In these circumstances, directors will be personally liable for the SCG despite the genuine belief that the workers engaged were contractors and the higher fee generally paid to contractors to compensate them for not receiving superannuation contributions.

Key to this issue is the difficulty in weighing the relevant factors to determine whether a worker is engaged as a contractor or deemed employee for superannuation law purposes.

No single factor will be determinative, making it necessary to consider the totality of the relationship between the principal and contractor. The following should be considered when defining the relationship between the parties:

  • Method of remuneration, such as time based or fee for service;
  • The ability to delegate and work for other principals including competitors;
  • Legal control of the method of carrying out the required task;
  • Who bears the commercial risk and has the potential to profit from the transaction; and
  • Who provides the materials, tools and/ or equipment required to complete the task.

Further, it is not sufficient that a contractor has an ABN to avoid the application of the deemed employee provisions as the contractor may still be considered an employee for the purposes of the superannuation law.

This inevitably provides scope for opinions to vary with potentially serious consequences for directors.

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Deemed employees

To assist in determining whether contractors are deemed employees for the purposes of the superannuation law, the Commissioner has stated in SGR 2005/1 that a contractor will fall within the extended definition where the contractor is remunerated wholly or principally for their personal labour and skills, must perform the contractual work personally (there is no right of delegation), and is not paid to achieve a result.

The crucial factor in determining whether the deemed employee provisions apply is whether the contract is a ‘contract of service’ (the performance of labour) or a ‘contract for services’ (for the production of a result).

In discussing this distinction in Hollis v Vabu[1], a majority of the High Court quoted the following statement by Windeyer J in Marshall v. Whittaker's Building Supply[2]: ‘... the distinction between a contract for service and a contract of service is ‘rooted fundamentally in the difference between a person who serves his employer in his, the employer’s business, and a person who carries on a trade or business of his own.’

The level of control exercised by the principal over the contractor is also key factor in determining the true nature of the relationship between the parties, which was reiterated by the Commissioner in SGR 2005/1.

In determining the degree of control exercised, the Commissioner and the Courts look to the extent to which the employer has the right to control the manner in which the thing is to be done.

Control includes the power to specify the thing to be done, the way in which it is done, the means to achieve it and the time and place where it will be done. The Commissioner does not require strict day-to-day control but the legal right of control.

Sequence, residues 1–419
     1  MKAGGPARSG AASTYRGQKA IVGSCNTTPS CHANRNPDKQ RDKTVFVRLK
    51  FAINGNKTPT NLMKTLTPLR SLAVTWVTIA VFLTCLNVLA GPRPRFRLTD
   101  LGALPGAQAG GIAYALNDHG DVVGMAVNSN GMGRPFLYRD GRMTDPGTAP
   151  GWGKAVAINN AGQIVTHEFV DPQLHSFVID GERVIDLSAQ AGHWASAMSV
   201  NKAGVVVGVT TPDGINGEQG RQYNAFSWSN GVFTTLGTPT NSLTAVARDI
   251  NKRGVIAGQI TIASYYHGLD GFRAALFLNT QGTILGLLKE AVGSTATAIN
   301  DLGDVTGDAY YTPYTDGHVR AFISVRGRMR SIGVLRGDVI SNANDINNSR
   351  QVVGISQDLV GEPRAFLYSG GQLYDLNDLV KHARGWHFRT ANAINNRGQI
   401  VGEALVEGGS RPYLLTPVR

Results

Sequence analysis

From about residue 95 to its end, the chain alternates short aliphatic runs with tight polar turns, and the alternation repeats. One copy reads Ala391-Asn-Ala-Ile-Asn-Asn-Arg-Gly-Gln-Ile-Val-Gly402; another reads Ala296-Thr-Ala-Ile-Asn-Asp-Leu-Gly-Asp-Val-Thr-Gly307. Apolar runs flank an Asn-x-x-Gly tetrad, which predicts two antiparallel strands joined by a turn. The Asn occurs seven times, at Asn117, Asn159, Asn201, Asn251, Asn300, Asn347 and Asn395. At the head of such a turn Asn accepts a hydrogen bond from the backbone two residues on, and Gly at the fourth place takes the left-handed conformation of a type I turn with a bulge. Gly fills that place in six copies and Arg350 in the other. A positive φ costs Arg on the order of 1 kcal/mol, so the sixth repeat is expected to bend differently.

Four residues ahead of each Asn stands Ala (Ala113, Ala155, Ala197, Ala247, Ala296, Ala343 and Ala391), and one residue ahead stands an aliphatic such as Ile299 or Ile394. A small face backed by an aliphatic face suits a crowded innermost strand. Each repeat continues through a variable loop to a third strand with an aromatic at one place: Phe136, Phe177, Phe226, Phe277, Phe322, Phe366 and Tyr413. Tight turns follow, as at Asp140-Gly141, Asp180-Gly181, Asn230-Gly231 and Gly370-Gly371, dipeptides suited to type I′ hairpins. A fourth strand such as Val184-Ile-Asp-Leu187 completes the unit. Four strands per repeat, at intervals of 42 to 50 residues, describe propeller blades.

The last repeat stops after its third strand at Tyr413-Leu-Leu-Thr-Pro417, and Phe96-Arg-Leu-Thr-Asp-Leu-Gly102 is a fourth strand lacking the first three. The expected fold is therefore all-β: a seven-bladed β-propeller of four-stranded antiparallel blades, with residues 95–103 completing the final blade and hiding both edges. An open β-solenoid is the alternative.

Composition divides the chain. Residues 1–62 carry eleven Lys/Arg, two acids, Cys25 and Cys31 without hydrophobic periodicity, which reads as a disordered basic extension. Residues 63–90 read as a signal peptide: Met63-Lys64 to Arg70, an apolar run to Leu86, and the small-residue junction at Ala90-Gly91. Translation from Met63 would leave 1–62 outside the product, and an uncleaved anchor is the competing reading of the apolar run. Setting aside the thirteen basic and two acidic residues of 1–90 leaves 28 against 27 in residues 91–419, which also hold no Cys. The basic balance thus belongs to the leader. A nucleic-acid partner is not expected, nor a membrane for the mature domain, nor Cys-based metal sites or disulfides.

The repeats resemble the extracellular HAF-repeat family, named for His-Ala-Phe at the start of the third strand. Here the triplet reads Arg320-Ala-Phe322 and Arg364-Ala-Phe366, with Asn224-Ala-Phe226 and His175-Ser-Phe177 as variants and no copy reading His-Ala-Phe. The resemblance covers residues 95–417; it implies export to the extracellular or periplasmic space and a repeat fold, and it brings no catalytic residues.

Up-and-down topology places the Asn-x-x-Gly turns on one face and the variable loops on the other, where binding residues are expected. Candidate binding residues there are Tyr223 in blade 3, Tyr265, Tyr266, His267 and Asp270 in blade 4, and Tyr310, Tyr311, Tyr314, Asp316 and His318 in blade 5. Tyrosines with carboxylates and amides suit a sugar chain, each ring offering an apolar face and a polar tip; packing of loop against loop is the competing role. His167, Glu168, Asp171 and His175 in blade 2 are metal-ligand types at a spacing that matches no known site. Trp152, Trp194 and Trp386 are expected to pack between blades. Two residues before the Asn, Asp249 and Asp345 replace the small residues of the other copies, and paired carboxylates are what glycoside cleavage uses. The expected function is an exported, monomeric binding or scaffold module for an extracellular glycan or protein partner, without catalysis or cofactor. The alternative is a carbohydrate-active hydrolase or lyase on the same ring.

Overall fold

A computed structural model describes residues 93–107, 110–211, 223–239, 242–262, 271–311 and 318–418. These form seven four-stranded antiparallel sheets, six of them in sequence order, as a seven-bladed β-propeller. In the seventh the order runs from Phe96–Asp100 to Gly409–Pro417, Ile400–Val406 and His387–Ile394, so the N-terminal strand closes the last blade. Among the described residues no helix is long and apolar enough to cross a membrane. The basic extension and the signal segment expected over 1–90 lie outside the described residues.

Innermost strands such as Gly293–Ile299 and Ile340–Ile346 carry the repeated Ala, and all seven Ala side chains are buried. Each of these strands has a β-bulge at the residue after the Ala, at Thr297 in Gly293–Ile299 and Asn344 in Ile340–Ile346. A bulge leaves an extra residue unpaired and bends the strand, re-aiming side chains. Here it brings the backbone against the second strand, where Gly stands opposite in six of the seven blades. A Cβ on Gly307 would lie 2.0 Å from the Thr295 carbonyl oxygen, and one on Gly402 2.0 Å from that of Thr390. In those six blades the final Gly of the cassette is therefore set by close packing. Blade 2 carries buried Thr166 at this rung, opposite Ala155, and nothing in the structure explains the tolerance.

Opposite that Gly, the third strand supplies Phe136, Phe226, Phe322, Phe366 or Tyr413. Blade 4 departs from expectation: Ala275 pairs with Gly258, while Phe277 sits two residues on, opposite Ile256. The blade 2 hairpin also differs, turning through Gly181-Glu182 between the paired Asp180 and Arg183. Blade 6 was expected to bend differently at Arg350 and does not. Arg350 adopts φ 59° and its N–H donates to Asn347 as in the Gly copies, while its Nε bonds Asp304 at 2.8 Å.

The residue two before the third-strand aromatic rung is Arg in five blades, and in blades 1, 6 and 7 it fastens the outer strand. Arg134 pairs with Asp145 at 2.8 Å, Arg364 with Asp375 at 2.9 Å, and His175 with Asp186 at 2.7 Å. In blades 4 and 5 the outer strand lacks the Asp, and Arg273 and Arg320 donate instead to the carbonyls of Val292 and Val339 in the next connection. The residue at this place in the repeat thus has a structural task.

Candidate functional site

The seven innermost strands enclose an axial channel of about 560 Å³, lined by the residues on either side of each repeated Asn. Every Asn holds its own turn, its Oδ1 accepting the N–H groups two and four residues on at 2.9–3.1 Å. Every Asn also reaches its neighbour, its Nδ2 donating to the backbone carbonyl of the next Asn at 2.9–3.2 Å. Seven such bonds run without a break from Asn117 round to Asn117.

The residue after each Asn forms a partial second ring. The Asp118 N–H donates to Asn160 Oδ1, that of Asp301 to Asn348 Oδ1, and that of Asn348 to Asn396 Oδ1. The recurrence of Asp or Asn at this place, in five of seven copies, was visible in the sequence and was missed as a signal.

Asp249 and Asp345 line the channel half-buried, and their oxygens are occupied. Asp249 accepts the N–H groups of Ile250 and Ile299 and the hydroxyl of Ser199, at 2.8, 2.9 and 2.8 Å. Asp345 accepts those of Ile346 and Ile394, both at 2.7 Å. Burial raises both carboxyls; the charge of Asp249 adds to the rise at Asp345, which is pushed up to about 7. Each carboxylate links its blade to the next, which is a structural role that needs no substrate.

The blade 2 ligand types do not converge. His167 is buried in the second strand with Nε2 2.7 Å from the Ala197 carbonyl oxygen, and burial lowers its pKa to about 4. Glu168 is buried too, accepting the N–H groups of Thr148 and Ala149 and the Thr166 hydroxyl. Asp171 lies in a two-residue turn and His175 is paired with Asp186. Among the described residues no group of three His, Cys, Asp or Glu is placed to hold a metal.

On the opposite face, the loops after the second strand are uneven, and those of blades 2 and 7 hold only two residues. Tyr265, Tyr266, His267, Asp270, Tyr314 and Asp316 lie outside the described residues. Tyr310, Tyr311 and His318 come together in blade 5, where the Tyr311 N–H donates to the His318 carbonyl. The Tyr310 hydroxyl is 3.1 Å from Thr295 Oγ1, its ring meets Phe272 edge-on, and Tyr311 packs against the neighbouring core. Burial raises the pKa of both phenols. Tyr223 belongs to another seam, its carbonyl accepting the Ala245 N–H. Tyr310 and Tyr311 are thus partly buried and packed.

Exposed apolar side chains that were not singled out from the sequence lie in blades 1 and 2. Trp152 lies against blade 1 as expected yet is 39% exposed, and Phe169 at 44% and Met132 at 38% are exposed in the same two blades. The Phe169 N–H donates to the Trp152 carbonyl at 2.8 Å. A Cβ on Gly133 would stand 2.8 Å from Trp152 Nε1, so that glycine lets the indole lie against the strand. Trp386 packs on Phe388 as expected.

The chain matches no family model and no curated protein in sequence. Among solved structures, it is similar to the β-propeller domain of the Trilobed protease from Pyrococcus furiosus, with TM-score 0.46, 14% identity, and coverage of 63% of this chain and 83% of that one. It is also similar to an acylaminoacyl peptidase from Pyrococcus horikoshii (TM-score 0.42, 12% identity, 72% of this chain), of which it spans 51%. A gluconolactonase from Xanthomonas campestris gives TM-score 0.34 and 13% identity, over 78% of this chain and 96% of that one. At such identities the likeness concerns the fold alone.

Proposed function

It is necessary to assess all the circumstances of the relationship between the parties to determine whether the contract is a genuine results-based contract.

The payment structure will not be determinative as the fee under a results-based contract may be calculated on an estimate of the time and labour cost that is necessary to complete the task.

Incorporated contractors

The general view is that if the contractor is a company or trust there is no employment relationship, either at common law or under the extended definition of an employee. However, the individual engaged by the interposed company or trust may be an employee of the company or trust, depending on the terms of the engagement.

This view is supported by SGR 2005/1 but has been called into question by a recent case run by Hall & Wilcox, Roy Morgan Research Pty Ltd v Commissioner of Taxation[3] where the Full Court of the Federal Court held that the Administrative Appeals Tribunal was correct in concluding that the fact Roy Morgan Research Pty Ltd paid money to ‘someone other than the individual interviewer for that interviewer’s assignments does not change the fact that Roy Morgan engaged the individual.’

The Court noted that the Tribunal considered ‘the ability of an interviewer to incorporate as a factor entitled to little weight because the entity selected to do the work (conduct interviews) was the individual interviewer, and the company featured only as the recipient of the fees that would otherwise have been paid to the interviewer. No error has been shown in the Tribunal’s treatment of this factor.’

In light of the Roy Morgan Research case, this issue is now the subject of some uncertainty. Depending on the specific facts, incorporating may not be sufficient to take a contractor outside the scope of the superannuation law if they would otherwise be caught.

It is important that directors consider the risk of being personally liable where the company does not make superannuation guarantee contributions on behalf of contractors. The degree of risk will generally depend on the evidence available to support the view that contractors engaged by the company are carrying on their own independent business.

The Commissioner’s focus on superannuation, and by default phoenix activities and contractors, should give company directors a reason to consider the degree of risk to which they are exposed.

The starting point for directors is to review the superannuation arrangements of their business regarding employees and contractors, and consider whether any changes to their current practices need to be made. In particular, directors should determine whether cross indemnities from other directors are required.

Mark Payne is a partner and Rebecca James is a senior associate at Hall & Wilcox lawyers.